4. In combination with av conduit through which a fluid is adapted to be conducted, of a. valve in the conduit comprising a casing having a seat, a hollow member with-in the casing having a plunger adapted lto .be moved to and from the seat to close and open the valve, pressure operated means to open and close the valve,"and means independent of said pressure operated means and extending to the exterior of the casing for maintaining substantially the same'pressure within said hollow member and` on the inner side of t-he plunger as exists at a definite point in the water line adjacent the seat.,

5. ln combination with a conduit tlfrough which a fluid is adaptedto be conveyed, of a valve in the conduit comprising a casing having a seat, a hollow' member supported within the casing and having a movable part in the form of a plunger adapted to 'be shifted to and from the seat to close and open the valve, opening and closing chambers to which pressure is adapted to .be supplied and from which pressure is adapted to be exhausted to cause the opening and closure of the valve, and'a stationary passageway communicating at one end with the chamber, and communicating at its 'other end. with the water way by which 'the pressure on -the outer end of the plunger is maintained on the inner side of the hollow member.

6. ln combination with a conduit throu h which a fluid is adapted to be conveyed, o a valve in the conduit comprising a casing having a seat, an inner hollow member with a movable part in the form of a plunger adapted to be moved to and from the seat, means for shifting the plunger to open and close the valve, and an equalizing pipe wholly independent of the opening and closing means extending between said' hollow member and a point in the water line beyond the seat, whereby the pressure on the nose of the plunger is communicated to the interior of said hollow member.

7. In combination with a Huid conduit, a valve in the conduit comprising a casing, an inner hollow member having a movable part in the form of a plunger, means for shifting -the plunger in one direction to open the valve and in the opposite direction to close the valve, an equalizing passageway communicating with the interior of the hollow member and with the water-way for maintaining within the hollow member during both the openingand closing movements of the plunger substantially the same pressure 4 Way.

that exists on the nosek of the plunger, 'andmeans for *opening and closing said passage- 8. In combination with a conduit, a valve therein comprising an outer casing and an inner hollow member with la movable part constituting a plunger, means for actuatin said plunger to open and close the valve, an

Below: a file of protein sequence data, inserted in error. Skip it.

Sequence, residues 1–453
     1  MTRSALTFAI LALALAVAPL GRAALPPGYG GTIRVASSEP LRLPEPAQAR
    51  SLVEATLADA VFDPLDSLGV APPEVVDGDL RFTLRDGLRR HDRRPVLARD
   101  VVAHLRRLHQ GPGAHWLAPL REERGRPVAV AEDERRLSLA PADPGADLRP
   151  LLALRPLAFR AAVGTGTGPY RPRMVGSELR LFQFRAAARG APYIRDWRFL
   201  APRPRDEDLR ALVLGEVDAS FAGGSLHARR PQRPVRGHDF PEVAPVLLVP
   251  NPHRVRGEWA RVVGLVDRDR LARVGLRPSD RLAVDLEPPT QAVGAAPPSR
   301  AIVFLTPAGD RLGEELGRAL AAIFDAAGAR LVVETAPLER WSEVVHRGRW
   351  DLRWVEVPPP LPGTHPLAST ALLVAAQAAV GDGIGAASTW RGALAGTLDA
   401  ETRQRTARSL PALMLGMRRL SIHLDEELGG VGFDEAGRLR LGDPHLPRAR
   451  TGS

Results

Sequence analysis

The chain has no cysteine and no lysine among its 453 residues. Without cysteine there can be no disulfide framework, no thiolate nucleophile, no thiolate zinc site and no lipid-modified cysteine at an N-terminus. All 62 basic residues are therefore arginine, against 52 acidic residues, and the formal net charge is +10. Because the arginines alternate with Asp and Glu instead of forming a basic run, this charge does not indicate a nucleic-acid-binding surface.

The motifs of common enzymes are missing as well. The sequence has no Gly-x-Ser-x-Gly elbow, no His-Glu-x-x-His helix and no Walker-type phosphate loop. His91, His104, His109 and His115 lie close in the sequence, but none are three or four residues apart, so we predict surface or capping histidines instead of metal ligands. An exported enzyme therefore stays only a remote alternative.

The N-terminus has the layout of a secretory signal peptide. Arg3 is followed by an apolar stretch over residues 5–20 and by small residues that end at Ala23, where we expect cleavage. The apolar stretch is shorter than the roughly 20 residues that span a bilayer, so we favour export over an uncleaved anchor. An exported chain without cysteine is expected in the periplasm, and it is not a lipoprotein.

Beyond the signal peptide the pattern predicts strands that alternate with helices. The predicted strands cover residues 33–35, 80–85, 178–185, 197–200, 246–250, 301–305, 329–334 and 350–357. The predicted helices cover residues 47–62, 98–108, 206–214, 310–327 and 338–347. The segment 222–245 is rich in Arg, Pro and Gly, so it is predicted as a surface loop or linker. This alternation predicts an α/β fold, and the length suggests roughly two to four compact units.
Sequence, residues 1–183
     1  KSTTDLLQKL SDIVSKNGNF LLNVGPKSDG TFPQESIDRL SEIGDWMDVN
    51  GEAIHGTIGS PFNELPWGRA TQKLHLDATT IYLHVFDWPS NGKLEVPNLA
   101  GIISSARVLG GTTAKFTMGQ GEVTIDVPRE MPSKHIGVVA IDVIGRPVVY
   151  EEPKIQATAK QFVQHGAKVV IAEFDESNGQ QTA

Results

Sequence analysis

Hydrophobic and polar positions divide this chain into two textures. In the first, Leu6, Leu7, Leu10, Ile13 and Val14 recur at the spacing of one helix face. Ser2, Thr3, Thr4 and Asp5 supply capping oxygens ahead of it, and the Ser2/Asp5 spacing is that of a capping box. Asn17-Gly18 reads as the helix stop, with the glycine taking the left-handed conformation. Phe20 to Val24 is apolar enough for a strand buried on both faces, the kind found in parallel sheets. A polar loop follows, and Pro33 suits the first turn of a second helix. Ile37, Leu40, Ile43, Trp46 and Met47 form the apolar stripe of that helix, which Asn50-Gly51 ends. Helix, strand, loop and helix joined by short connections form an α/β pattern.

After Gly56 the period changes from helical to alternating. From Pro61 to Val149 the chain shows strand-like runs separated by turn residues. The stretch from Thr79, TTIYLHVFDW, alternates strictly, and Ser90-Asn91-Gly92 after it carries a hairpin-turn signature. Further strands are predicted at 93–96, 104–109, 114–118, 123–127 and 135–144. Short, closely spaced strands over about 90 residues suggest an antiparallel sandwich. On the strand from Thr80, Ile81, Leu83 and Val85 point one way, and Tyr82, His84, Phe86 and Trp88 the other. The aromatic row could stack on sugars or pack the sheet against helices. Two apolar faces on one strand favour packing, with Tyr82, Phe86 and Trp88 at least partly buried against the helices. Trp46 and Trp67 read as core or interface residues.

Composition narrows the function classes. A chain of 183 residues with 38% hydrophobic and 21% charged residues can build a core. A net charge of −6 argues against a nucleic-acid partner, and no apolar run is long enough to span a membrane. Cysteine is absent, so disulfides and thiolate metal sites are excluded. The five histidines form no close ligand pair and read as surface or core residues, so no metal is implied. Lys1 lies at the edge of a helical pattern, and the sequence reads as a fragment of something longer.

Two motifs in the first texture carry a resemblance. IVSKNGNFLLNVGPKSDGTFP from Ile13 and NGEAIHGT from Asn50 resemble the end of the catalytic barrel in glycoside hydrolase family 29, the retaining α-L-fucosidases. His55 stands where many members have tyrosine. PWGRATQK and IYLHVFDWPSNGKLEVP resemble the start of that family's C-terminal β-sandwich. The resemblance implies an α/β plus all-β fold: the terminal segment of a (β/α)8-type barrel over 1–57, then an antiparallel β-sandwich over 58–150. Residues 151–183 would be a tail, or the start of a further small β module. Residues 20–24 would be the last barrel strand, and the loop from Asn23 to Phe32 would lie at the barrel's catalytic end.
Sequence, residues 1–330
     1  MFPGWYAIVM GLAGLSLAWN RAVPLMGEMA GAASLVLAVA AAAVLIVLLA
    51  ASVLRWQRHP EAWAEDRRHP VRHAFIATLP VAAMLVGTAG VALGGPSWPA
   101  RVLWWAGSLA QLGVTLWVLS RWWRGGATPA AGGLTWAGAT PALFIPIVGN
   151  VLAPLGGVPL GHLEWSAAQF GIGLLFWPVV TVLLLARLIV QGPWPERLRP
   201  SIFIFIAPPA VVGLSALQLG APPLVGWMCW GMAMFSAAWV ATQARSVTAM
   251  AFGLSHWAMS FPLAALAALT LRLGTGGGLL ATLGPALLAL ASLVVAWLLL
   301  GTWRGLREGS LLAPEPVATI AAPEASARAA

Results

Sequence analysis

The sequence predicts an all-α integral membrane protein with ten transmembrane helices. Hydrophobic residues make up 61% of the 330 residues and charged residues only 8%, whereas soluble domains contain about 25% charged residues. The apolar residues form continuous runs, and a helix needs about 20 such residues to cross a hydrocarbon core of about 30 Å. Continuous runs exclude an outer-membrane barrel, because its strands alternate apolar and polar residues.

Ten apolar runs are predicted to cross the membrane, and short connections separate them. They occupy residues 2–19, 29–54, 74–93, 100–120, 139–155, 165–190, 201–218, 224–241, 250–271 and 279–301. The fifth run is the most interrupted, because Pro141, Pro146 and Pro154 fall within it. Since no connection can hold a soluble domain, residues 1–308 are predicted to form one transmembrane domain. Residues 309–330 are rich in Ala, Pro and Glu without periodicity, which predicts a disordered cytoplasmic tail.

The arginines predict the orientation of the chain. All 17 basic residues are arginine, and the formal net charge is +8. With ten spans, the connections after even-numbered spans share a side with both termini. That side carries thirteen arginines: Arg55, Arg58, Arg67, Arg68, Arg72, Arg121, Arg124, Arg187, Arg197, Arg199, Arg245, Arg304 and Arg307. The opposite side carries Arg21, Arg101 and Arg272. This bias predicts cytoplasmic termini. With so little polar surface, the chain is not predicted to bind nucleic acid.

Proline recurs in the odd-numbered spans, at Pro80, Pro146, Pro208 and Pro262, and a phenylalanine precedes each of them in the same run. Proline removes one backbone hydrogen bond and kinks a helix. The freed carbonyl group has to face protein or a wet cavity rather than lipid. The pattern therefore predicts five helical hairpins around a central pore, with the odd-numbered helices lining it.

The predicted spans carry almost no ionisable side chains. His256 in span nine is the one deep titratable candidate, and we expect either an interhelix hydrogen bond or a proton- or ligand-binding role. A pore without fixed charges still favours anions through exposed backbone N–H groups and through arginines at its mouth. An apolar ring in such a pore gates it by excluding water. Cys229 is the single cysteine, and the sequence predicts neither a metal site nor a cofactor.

a stationary passageway communlcating ,10 with the interior of the valve andwith the the hollow member substantially the same pressure as exists on the nose of the. plunger regardless of the position of the latter or its DONALD W. SLATTERY.

waterfway and serving to maintain within 4

Referenced by
Citing PatentFiling datePublication dateApplicantTitle
US2574262 *May 25, 1946Nov 6, 1951Hugo C GollmerValve with built-in operating cylinder for pressure fluid operations
US2852035 *Sep 4, 1953Sep 16, 1958Koppers Co IncSealing device, in particular for the transfer of loose material into or out of gas-filled spaces
US2919714 *Jan 3, 1958Jan 5, 1960United Aircraft CorpPressure balanced regulating and shut-off valve
US2950732 *Sep 11, 1958Aug 30, 1960Rotax LtdCompressed air or other gas control valves
US2962039 *May 26, 1955Nov 29, 1960Cyril Gower ArthurFluid controlling valves
US3038691 *Apr 4, 1960Jun 12, 1962Awerkamp John BAir operated water valve for concrete mixing plant or the like
US3087511 *Aug 24, 1960Apr 30, 1963United Aircraft CorpSequence operating valve system
US4412788 *Apr 20, 1981Nov 1, 1983Durham-Bush, Inc.Control system for screw compressor
US8740176 *Apr 1, 2011Jun 3, 2014Xiangwei ZengDriving and adjusting device of passive shuttle-type shut-off valve
US8746271Apr 3, 2009Jun 10, 2014Leanvent ApsFlow control valve
US20070054971 *Aug 10, 2004Mar 8, 2007Yuji HiroshigeFoam sheet-forming composition, heat conductive foam sheet and process for the production thereof
US20110041921 *Apr 3, 2009Feb 24, 2011Antonsen Peter SFlow control valve
US20130207011 *Apr 1, 2011Aug 15, 2013Winjet High-Tech Investment Co., Ltd. (Beijing)Driving and Adjusting Device of Passive Shuttle-Type Shut-Off Valve
WO2009121965A1 *Apr 3, 2009Oct 8, 2009Leanvent ApsFlow control valve
U.S. Classification137/219, 405/92, 251/31, 251/52
International ClassificationF16K1/12, F16K1/00
Cooperative ClassificationF16K1/126
European ClassificationF16K1/12P